Autobiography, Biography, and Gender
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In this book gender is the lens through which autobiography and biography are scrutinized. The authors show what is revealed when they magnify the gendered aspects of both men's and women's writing. The eternal questions of identity, choice, responsibility, happiness, tragedy, and even death are interpreted in terms of gender analysis.
The book presents a sequence of studies from the early nineteenth to the late twentieth century that includes individuals such as American poet Anne Sexton and German writers Christa Wolf and Paul Celan, and groups such as nineteenth-century Mexican women and members of the British working class. It extends the paradigm of "self-reflexive" literature to include and highlight the overlap between autobiography and biography, especially in the case of women who often wrote their lives obliquely through the biographies of their famous male relatives, e. g., Adèle Hugo and Anne Thackeray Ritchie.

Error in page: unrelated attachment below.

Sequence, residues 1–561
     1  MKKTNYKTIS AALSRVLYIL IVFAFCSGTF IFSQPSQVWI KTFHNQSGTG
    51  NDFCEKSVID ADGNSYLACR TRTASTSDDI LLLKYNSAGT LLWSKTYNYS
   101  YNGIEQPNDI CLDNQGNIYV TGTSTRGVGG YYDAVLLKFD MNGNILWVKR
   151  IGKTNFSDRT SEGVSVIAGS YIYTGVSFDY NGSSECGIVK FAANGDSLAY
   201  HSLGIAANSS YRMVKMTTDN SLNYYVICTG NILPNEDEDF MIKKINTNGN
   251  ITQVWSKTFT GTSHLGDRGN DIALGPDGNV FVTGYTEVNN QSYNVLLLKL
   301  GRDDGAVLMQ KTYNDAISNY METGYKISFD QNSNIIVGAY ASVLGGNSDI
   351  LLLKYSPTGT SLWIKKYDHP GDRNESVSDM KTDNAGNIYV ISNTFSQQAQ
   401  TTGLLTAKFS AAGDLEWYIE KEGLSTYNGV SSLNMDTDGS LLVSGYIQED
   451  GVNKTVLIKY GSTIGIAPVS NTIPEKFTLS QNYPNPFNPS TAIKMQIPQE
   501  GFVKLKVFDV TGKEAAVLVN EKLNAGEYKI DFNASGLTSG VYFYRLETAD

The authors refuse to accept a monolithic conception of gender. The studies of Charles and Mary Lamb, Nadezhda Durova, and John Stuart Mill demonstrate that even in the nineteenth century, a binary gender system is inadequate as a mode of approach to actual life stories.
At the Institute for Research on Women and Gender at Stanford University, Susan Groag Bell is Senior Research Associate, and Marilyn Yalom is Senior Scholar.